By David Mitchell
All Posts Contain Spoilers
Sometimes bad novels are so good.
I’ve just finished ‘The Bone Clocks‘, by David Mitchell. It was a bad book, but not the sort of bad book that you resent having started. It didn’t have the sort of badness which makes you angry at the author for trying, for his pretensions or mistakes. It was the kind of bad book you love, that you tear through. It was a Great Bad Book.
I’m not saying that David Mitchell is a bad novelist, or a bad writer (which are different things); he’s not necessarily either. He’s definitely not a bad writer: his prose ranges from competent enough to ignore to quite good, depending on the book and the time. I would say that he’s actually a decent writer.
And, though I have only read two of his other books, ‘Cloud Atlas‘ and ‘The Thousand Autumns of Jacob de Zoet‘, neither was a bad novel. ‘Cloud Atlas’, it’s true, hovered around the same kind of badness that ‘The Bone Clocks‘ possesses, but was original enough that, I think, managed to just avoid the downward spiral of real badness.
And ‘The Thousand Autumns of Jacob de Zoet‘ was great. It was a lovely novel, moving and human, one of the very few books that has ever made me cry. I think, perhaps, the discrepancy between ‘The Thousand Autumns of Jacob de Zoet’ and both ‘The Bone Clocks‘ and ‘Cloud Atlas‘ has something to do with their genres. ‘The Thousand Autumns’ is simply a little love story; it isn’t science fiction or fantasy, which the other two are. I think that, perhaps, science fiction and fantasy (certainly fantasy) slide more easily into plotty badness. Something about the genre tempts authors to the sort of over-written theatrics which make books bad but fun to read. Novels grounded in reality tend to be a little bit tighter.
‘The Bone Clocks‘ is, in many ways, ‘Cloud Atlas‘s half-baked little brother. It is also a story which follows multiple characters, all supernaturally connected, through time. But while ‘Cloud Atlas’ follows what seem to be incarnations of one or two people through many, many generations, ‘The Bone Clocks’ is about one long human lifetime, namely the life of Holly Sykes, as it is crossed, intersected over and over, by a, uh, group of reincarnating mystics at war over the harvesting of human children to feed their eternal lives.
It’s exactly the sort of grandiose and silly premise that Great Bad Books are made of. ‘The Bone Clocks‘ is the story of a magical war between good and evil, and like all such stories, the joy of it is in the ludicrous, and yet somehow absorbing, details.
In the world of ‘The Bone Clocks‘, there exists a class of immortals, called Atemporals, souls which involuntarily reincarnate 49 days after their deaths into the body of a dying child. One group of these Atemporals, calling themselves the Horologists, are at ‘psychosoteric’ war with the Anchorites. The Anchorites were once just regular mortals, but they have used dark technologies, gifted to them by the Blind Cathar, to achieve immortality. However, in order to achieve this, they must routinely sacrifice a child.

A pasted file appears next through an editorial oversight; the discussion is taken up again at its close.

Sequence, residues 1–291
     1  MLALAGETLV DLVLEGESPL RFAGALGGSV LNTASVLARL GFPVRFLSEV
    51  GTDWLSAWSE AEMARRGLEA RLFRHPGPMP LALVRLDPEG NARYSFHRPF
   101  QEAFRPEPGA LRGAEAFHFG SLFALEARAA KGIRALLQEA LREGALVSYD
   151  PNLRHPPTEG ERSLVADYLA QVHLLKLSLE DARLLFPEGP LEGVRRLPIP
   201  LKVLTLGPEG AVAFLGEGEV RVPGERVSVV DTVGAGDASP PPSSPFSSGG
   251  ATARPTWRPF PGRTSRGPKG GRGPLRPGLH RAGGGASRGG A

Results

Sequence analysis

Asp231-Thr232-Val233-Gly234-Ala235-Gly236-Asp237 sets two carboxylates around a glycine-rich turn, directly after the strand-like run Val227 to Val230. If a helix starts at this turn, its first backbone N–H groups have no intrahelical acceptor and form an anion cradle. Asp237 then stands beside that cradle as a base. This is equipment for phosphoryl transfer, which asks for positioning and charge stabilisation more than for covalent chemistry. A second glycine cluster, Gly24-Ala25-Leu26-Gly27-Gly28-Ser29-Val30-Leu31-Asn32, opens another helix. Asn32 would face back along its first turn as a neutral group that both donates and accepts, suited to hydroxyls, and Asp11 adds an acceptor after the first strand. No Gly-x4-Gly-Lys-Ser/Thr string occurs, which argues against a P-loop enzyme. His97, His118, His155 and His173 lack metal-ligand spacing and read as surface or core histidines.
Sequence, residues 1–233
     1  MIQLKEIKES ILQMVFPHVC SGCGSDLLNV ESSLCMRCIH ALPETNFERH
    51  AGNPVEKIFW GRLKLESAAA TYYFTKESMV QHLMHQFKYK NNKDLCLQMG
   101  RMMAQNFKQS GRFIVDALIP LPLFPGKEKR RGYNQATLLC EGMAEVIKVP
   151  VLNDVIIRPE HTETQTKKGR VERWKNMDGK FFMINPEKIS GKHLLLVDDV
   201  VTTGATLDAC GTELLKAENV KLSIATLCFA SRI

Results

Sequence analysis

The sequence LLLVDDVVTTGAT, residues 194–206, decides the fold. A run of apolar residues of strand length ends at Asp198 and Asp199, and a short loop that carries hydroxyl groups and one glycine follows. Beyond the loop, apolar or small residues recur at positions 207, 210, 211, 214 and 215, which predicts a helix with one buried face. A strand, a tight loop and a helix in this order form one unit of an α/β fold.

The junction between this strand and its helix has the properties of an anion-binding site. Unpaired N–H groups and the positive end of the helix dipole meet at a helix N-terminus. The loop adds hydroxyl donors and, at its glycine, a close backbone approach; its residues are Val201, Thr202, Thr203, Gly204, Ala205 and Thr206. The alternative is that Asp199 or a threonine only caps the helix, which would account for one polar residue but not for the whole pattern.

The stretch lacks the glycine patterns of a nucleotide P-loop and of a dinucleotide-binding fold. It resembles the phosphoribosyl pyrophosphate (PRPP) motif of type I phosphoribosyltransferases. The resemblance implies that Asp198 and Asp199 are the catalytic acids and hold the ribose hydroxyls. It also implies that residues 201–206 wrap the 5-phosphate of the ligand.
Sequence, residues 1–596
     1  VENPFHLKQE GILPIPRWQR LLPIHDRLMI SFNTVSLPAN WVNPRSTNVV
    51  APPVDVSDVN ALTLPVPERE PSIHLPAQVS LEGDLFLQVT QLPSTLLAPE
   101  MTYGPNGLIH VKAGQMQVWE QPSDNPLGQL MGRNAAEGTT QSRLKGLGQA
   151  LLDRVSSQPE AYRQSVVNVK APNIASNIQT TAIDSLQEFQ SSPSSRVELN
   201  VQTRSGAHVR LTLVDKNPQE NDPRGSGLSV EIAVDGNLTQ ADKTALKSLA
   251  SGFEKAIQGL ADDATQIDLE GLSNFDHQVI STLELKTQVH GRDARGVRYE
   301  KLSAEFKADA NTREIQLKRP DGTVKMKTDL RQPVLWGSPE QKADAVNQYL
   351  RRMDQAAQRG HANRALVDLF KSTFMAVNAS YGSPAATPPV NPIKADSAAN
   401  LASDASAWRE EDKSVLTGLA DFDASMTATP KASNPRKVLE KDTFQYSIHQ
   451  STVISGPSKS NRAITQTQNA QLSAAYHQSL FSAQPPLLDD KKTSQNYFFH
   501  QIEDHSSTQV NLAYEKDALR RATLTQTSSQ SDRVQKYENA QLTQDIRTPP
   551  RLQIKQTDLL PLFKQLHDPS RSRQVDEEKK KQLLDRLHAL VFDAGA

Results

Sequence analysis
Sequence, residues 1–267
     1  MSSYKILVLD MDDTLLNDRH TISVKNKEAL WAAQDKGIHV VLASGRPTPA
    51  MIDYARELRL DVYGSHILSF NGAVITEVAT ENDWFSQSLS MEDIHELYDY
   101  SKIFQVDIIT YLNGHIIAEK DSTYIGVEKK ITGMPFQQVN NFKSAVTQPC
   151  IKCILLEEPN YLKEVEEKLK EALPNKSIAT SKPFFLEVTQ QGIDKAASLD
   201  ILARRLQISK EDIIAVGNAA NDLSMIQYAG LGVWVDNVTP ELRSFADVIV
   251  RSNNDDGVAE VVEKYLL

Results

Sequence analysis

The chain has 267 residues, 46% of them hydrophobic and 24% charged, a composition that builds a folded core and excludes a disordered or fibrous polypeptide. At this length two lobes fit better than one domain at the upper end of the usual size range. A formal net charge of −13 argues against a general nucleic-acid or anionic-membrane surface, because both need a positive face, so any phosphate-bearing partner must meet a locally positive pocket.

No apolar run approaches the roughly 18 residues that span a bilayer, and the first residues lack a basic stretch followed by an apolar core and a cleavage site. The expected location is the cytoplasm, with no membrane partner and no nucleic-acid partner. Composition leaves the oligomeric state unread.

Holly Sykes is a psychic, and so her life becomes tangled up in this psychosoteric war. ‘The Bone Clocks‘ takes places in six chapters over the course of her long life, starting in 1984 and ending in 2043, in a very different world than ours.
And it’s just silliness, from beginning to end: joyful, diverting silliness. David Mitchell has great strengths as a storyteller: he has a gift for the demotic (his characters sound and act like people on TV), and he’s great at constructing the elements of plot: pacing, building to a climax. He gives scenes texture, but doesn’t linger – he’s very plotty.
And he’s just the right amount trashy, at least in his sci-fi/fantasy novels. A multi-generational war of magic between the Evil Anchorites and the Good Horologists, which will culminate in a battle in the Temple of the Blind Cathar? Come on, that’s almost unspeakably cheesy!
You know what it made me think of? Do you remember that South Park episode, ‘Cartman’s Incredible Gift’, from Season 8, where Cartman pretends to be a psychic and ‘battles’ a bunch of other fake psychics? Where all the psychics stand opposite each other and touch their temples and go, ‘Wa na na na’?
The whole book is like that.
And it’s not that Mitchell is pretending that it isn’t cheesy – ‘The Bone Clocks‘ isn’t pretentious, not at all. Rather, he simply doesn’t seem to care whether or not it’s cheesy, which means that, in a weird way, you don’t. If he were looking down his nose, using the Anchorites and Horologists as some highbrow metaphor, then ‘The Bone Clocks’ would be insufferable. But I, at least, didn’t get the sense that that was what he was doing.
Rather, ‘The Bone Clocks‘ feels like David Mitchell got a neat idea for a story and decided to tell it: wouldn’t it be kind of interesting if reincarnation were true, but only some people had the ability to do it? And then some other people figured out how to do it, but they had to do something terrible in order to achieve it?
What terrible thing would you do to achieve immortality? That is an old question, one that we ask ourselves over and over. What price would be worth your boundless life? At what point during that evil eternity would it cease being your life? At what price, once paid, do you stop being yourself?
We are obsessed with that question not just because we are fixated on our own deaths, because we are devoted to avoiding them – we ask that question because it’s an essentially fun question to ask. It’s a fun problem to think about, and it’s fun to think about it here. It’s not sophisticated, it’s not ‘good’, but it is fun.
Sometimes, silly scenarios are the best way to explore the scariest and most important questions. Sometimes, silly meditations are the best meditations. But, honestly, it doesn’t matter, because they’re fun.